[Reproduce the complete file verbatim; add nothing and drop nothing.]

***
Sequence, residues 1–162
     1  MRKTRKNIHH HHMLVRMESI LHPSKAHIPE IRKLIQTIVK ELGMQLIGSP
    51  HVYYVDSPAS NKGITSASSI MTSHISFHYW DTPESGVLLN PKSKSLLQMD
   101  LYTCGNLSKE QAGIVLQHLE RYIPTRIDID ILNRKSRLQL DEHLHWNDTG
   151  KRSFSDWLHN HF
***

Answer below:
Sequence, residues 1–162
     1  MRKTRKNIHH HHMLVRMESI LHPSKAHIPE IRKLIQTIVK ELGMQLIGSP
    51  HVYYVDSPAS NKGITSASSI MTSHISFHYW DTPESGVLLN PKSKSLLQMD
   101  LYTCGNLSKE QAGIVLQHLE RYIPTRIDID ILNRKSRLQL DEHLHWNDTG
   151  KRSFSDWLHN HF